I don’t eat a ton of these, but I do eat a few every year. Like any other mushroom, you get a feel for when they’re at their best stage, and these do get “styrofoamy” after a while and can get destroyed by bugs too.
That matches my understanding as well, and I have found an eaten a number of the "aborted" forms. I have also found many "un-aborted" E. abortivum, and they are a very plain-looking mushroom, easy to misidentify. I'd stick to the"aborted" form, which is easy to identify, and safe to eat. As for other species involved, I have never heard or read that anywhere, and to my knowledge, this relationship is solely between E. abortivum and mushrooms from the Armillaria genus (honey mushrooms).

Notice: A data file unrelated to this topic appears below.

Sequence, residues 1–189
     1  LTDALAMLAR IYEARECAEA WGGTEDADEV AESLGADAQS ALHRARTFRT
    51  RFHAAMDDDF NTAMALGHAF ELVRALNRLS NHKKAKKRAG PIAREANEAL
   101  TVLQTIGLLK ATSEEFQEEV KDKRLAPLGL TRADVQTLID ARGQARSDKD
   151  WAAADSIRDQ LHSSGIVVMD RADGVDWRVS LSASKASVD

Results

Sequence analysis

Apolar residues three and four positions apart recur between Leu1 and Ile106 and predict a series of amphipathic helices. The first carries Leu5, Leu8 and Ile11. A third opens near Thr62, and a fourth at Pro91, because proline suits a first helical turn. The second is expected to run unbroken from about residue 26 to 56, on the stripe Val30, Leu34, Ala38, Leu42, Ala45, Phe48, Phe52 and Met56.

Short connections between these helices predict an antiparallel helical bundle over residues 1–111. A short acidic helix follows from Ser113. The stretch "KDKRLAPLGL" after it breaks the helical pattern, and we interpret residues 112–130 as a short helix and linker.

·
Registered
Joined
·
28 Posts
I got my first chants of the year on Sunday. Enough for some asparagus and chant omelets for my wife and I. We have had two really nice rains since then, so I expect things will be very good tomorrow when I go out again.
 

·
Registered
Joined
·
468 Posts
Plant Plant community Deer Natural landscape Vegetation
Flower Plant Branch Botany Terrestrial plant
Leaf Mushroom Terrestrial plant Biome Natural landscape
no chantrelles yet but found a chicken some crown tips and a deer. I guess it could be worse just got over covid again and was completely worn out after my hike. Maybe go again tomorrow and see if I can find anything else. I would say the chantrelles are atleast a week or 2 out yet with this cooler weather we are having.
 
21 - 37 of 37 Posts
Top